Upgrading Your Web Browser
Why upgrade your web browser?
You have been directed to this page because we have detected that you are using Internet Explorer version 6 to view our website. Internet Explorer 6 is web browsing software that was written in 2001 – a long time ago, in Internet terms. Since then the World Wide Web has continued to develop, and many newer web browsers are available for free for the public to install.
This Baldwin's website has been designed for use with more recent web browsers. You may continue to use the site with Internet Explorer 6, but it will not appear as polished, as slick or be as responsive as it is in other web browsers. Furthermore, Internet Explorer 6 has several well-known flaws that people with malicious intentions regularly try to exploit to access your private data.
For these reasons, we strongly recommend that you use a more up-to-date web browser to access our site.
Microsoft have a page about replacing Internet Explorer 6.
How to update your web browser
Please note that while we recommend that you upgrade your web browser, you do so at your own risk. Baldwin's can not be held responsible if anything should go wrong. If you are at all unsure about installing software on your computer, please seek assistance from a suitable expert.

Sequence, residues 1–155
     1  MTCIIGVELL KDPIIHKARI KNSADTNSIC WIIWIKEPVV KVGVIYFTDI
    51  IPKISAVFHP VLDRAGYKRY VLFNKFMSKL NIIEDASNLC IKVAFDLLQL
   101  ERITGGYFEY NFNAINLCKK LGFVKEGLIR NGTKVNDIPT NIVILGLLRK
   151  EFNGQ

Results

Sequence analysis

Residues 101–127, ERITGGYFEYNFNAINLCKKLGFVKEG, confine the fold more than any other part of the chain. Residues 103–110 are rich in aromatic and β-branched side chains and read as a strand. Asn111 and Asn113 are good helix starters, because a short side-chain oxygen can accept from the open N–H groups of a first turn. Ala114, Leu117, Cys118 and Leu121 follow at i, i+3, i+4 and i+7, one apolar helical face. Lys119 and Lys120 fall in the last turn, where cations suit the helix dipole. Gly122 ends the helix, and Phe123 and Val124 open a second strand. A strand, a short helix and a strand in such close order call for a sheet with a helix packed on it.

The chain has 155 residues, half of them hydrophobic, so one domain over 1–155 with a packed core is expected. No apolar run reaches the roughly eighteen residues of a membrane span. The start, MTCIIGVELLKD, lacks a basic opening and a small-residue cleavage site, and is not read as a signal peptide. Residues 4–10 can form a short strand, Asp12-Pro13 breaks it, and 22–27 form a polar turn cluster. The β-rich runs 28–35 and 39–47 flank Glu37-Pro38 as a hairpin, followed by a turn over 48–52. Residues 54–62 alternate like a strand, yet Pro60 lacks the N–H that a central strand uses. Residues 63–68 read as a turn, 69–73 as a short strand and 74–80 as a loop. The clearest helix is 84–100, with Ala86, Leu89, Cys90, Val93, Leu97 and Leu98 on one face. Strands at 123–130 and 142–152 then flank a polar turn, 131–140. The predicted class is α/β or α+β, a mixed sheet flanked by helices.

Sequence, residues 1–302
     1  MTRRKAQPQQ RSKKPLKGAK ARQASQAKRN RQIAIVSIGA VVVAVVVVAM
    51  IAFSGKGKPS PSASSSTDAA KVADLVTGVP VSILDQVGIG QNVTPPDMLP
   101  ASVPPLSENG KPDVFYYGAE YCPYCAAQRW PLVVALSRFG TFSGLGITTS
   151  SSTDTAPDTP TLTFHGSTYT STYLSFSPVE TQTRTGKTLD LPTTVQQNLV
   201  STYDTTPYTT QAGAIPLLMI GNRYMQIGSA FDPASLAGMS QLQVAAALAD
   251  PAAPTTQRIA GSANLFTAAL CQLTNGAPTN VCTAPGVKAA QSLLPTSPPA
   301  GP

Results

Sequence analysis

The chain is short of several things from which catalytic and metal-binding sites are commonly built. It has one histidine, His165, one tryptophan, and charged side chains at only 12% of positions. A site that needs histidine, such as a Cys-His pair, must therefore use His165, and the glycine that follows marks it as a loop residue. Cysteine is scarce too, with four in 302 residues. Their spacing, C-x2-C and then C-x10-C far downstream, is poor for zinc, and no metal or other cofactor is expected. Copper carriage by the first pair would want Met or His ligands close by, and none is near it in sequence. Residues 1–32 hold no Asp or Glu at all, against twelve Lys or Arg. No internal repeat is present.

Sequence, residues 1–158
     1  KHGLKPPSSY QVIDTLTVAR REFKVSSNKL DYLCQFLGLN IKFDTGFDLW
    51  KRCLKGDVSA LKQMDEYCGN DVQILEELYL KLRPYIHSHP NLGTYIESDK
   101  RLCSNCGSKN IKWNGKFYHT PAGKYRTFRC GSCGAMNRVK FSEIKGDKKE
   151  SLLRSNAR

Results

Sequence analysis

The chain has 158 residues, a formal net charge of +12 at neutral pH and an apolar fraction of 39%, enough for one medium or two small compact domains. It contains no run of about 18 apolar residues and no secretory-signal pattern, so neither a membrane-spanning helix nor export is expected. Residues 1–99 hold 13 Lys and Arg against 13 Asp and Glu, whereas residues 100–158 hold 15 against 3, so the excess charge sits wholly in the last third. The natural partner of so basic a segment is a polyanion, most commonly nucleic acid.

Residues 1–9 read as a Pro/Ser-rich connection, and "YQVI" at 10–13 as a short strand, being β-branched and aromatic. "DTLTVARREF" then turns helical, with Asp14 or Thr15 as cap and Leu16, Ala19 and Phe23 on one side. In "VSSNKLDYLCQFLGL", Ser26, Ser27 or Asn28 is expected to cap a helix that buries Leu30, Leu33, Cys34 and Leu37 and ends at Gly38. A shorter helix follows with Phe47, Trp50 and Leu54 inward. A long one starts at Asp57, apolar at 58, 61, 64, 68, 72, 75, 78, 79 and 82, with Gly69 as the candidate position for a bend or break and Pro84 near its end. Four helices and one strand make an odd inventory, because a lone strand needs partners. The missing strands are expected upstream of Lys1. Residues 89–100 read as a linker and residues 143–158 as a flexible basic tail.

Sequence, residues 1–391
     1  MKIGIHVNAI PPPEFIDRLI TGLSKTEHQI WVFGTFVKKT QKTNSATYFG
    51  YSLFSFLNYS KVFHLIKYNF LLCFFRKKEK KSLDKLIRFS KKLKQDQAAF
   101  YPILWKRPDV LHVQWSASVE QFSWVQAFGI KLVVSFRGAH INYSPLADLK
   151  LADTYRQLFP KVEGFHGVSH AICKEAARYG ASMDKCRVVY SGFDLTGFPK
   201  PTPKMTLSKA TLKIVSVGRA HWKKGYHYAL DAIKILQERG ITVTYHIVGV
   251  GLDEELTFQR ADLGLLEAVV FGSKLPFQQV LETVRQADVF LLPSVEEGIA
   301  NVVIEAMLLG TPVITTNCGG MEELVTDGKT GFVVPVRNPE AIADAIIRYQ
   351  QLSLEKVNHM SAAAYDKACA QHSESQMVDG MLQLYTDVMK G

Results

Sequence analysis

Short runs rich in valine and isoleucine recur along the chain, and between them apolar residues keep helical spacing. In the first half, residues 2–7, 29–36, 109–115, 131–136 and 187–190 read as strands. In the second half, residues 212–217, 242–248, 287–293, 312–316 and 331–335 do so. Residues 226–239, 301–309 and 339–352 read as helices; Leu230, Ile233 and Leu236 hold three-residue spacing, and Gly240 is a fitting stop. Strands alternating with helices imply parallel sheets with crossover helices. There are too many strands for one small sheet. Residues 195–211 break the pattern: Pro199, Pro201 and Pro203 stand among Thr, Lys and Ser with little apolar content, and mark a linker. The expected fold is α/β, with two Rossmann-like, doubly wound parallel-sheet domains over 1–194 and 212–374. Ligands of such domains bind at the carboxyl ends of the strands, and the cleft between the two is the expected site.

That said, upgrading your web browser is a fairly simple task that can be accomplished by almost anyone with a little computer experience. It is such a common procedure that a Google search will bring up many pages explaining how to do it.
Before you start it is worth considering which browser to get. For many people used to Internet Explorer 6, the obvious choice is to get the latest version of Internet Explorer, which at the time of this writing is Internet Explorer 9 (or Internet Explorer 8 if your computer has Windows XP). There are other web browsers available which some people prefer, having tried them. Two of the most popular are Firefox and Opera. Which browser you should choose is a matter of personal preference. A new web browser will take a bit of getting used to, but essentially they all do the same thing.